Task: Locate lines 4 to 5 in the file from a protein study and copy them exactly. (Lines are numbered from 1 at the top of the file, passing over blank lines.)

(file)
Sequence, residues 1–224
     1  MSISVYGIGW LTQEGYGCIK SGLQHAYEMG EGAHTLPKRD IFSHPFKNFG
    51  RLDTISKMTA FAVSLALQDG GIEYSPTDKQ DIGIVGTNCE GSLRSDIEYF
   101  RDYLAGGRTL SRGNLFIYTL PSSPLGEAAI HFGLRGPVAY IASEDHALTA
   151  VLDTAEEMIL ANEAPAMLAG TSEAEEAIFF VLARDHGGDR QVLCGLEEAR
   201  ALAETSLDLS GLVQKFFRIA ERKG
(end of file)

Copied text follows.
   101  RDYLAGGRTL SRGNLFIYTL PSSPLGEAAI HFGLRGPVAY IASEDHALTA
   151  VLDTAEEMIL ANEAPAMLAG TSEAEEAIFF VLARDHGGDR QVLCGLEEAR